Debentures, a common form of long-term financing for businesses or corporations, have a floating coupon rate. They are also known as revenue bonds because issuers expect to pay the interest on the loans with the income derived from the financed project. Companies can pay the principal in a lump sum or through an installment plan.

Key Differences: Understanding Unsecured Bonds

Although all debentures are bonds, not all bonds are debentures. Furthermore, both instruments differ in terms of collateral requirements, issuer, and level of risk. These are the key aspects:

  • While bonds are often secured by some type of collateral, debentures can be secured or not secured.

  • Bonds can be issued by financial institutions, government agencies, and large corporations. However, debentures are available in private companies in most cases.

  • Debentures can be riskier since, unlike bonds, they are not backed by collateral but by the issuer’s faith and credit.

Bonds. Vs. Bond Funds

Do you plan to invest in bonds to diversify your portfolio? You can choose between individual bonds and bond mutual funds. The former are the ones that allow you to lend an amount of money to a company or corporation and receive interest payments in intervals before the total principal.

However, bond funds are not well-known in the investment community. Unlike individual ones, bond mutual funds hold a large number of assets with different maturity dates, interest rates, and credit ratings.

Also, bond funds usually require monthly distributions. Payments can be made directly to investors or reinvested in bond funds to compound returns. These instruments offer different benefits, including:

  • Bond funds facilitate diversification per dollar invested, as they give exposure to a basket of bonds within the fund.

  • Those who buy bond funds often receive better prices on bonds than investors who opt for individual assets.

  • Bond funds could increase yields and income if you manage them proactively and buy or sell according to movements in the interest rate.

  • They are also subject to interest rate risk. Therefore, bond prices in a mutual fund may fall when the percentage rises.

However, bond mutual funds can also have some drawbacks, including management fees, fluctuating net asset values, and tax consequences for different cost bases.

When you actively trade a bond fund, management fees can be higher, and yields can go down, for example. Also, you should keep in mind that bond funds can go down or up when interest rates rise or fall, respectively.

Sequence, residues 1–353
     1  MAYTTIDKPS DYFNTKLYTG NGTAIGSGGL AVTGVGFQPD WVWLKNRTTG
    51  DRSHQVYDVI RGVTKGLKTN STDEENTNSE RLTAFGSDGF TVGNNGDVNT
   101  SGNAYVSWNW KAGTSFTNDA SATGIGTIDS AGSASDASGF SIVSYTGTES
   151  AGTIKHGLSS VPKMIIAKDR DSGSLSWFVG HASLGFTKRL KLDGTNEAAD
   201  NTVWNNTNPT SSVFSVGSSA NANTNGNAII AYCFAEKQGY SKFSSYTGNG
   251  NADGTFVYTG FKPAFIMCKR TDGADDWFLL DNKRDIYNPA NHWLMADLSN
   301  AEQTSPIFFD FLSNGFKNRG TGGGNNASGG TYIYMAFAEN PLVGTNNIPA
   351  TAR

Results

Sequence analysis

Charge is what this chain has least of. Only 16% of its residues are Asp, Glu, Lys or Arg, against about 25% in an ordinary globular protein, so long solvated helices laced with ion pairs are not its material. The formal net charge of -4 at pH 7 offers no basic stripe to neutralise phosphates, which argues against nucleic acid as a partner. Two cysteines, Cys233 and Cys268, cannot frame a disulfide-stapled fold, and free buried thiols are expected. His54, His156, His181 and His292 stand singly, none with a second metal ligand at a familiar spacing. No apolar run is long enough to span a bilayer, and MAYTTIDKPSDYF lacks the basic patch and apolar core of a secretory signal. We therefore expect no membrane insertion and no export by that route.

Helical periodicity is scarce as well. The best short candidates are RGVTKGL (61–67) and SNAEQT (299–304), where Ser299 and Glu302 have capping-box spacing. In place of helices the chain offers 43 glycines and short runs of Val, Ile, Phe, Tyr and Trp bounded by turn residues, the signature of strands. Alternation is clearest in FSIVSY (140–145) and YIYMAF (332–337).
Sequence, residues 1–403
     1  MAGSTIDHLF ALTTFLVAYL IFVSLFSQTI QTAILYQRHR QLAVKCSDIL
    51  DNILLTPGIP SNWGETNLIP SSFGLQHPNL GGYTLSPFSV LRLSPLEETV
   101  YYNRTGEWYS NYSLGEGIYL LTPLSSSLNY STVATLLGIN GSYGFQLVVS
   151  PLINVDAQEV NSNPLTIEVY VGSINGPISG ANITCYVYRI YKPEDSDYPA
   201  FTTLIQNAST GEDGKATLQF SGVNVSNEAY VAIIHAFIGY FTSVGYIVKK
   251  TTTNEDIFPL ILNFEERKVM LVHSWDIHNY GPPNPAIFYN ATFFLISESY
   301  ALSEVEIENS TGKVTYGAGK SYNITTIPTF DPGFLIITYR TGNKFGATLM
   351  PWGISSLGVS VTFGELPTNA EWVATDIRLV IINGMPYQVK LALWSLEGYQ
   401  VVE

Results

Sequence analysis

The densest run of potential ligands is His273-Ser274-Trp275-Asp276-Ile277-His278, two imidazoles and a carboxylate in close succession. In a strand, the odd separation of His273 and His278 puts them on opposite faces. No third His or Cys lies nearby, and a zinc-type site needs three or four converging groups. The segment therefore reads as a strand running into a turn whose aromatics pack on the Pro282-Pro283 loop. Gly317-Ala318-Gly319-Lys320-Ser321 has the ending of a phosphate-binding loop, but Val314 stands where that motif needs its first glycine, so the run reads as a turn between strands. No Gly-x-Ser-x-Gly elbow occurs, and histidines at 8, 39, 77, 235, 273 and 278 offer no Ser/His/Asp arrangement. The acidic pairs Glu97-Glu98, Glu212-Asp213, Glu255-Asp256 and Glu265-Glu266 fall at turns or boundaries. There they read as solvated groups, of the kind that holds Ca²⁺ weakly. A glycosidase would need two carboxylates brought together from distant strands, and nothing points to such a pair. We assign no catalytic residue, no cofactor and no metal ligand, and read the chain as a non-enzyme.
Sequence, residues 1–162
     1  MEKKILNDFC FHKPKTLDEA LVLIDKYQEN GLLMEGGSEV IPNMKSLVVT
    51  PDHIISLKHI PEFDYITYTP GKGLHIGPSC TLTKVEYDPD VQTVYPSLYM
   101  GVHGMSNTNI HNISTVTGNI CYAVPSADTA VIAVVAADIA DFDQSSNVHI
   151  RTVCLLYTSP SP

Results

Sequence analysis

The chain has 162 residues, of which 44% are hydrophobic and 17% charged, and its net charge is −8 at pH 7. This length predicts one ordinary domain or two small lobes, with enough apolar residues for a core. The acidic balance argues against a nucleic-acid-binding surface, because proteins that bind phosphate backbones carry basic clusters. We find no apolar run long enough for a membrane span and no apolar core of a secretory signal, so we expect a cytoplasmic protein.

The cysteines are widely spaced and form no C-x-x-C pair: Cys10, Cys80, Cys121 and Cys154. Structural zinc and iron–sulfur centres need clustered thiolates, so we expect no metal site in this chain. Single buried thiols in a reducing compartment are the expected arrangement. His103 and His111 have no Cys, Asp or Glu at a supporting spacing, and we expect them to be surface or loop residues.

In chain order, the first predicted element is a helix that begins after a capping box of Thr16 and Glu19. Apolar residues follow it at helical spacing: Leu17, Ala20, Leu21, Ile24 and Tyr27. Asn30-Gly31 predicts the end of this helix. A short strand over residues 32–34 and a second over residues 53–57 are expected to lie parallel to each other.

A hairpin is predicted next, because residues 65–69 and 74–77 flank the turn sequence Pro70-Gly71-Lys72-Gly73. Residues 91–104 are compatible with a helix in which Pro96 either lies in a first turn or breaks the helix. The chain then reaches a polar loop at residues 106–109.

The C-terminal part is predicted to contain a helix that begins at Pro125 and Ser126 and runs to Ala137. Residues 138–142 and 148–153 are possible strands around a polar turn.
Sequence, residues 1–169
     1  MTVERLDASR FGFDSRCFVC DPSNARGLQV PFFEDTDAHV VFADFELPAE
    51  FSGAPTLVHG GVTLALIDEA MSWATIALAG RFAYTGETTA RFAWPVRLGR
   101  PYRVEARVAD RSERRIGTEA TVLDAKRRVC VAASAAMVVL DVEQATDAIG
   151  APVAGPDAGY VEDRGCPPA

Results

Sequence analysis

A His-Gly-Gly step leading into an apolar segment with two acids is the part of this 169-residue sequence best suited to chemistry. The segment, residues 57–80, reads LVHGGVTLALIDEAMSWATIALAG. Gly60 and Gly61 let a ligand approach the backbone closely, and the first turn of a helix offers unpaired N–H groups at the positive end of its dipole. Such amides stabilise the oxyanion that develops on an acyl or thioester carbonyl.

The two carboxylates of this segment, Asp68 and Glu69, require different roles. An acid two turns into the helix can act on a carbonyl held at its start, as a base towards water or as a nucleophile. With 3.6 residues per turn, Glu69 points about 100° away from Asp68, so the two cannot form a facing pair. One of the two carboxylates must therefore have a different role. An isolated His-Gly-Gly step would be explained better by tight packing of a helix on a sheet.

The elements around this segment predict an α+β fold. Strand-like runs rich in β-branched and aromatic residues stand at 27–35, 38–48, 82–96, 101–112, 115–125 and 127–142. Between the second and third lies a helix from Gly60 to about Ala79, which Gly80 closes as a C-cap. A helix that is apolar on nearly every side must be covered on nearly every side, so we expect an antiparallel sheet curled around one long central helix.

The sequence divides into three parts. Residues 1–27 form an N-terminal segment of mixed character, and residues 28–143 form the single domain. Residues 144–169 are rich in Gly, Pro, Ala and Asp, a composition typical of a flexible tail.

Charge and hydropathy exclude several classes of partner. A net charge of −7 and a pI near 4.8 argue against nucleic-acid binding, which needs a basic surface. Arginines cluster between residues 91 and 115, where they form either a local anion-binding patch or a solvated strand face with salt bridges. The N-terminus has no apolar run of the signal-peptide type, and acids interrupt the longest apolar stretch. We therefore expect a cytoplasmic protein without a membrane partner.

Key Differences: Is There Interest Rate Risk for Bond Funds?

Although bond mutual funds encompass individual assets, including corporate bonds, they are not the same. These are the most important differences:

  • Bond funds are professionally managed. However, individual bonds are often in the hands of investors.

  • Unlike individual bonds, if you buy bond funds, there is no guarantee that you will get your principal back in a specific period.

  • Investment amounts for bond funds can be small.

  • Bond funds’ management fees vary depending on the share class.

  • When you invest in a bond fund, you often receive income monthly.

  • Bond funds’ coupons can be reinvested.

  • If you want to have a broader investment, bond funds offer greater diversification.

  • Market conditions could affect bond funds’ value. In contrast, an individual bond does not usually succumb to bond market risk if you buy it and hold it until maturity.

Final Thoughts: Should You Choose a Bond Fund or Other Fixed-Income Instrument?

Picking the best option among all the fixed-income alternatives depends on several factors, including your investment objectives, risks, charges, and expenses. A bond fund may be the ideal option if you are looking for diversification, as they invest in many individual securities for a small minimum.

However, a bond fund is not the best alternative for those who want to be 100% sure that they will recover their capital and hope to ensure a fixed income stream in specific periods. The same is true for other instruments. Preferred stocks generate more returns than non-bonds, for example.

In either case, before making a decision, you should analyze all the available options and choose the one that best suits your goals. Remember that your hard-earned money must go to a place where it can multiply!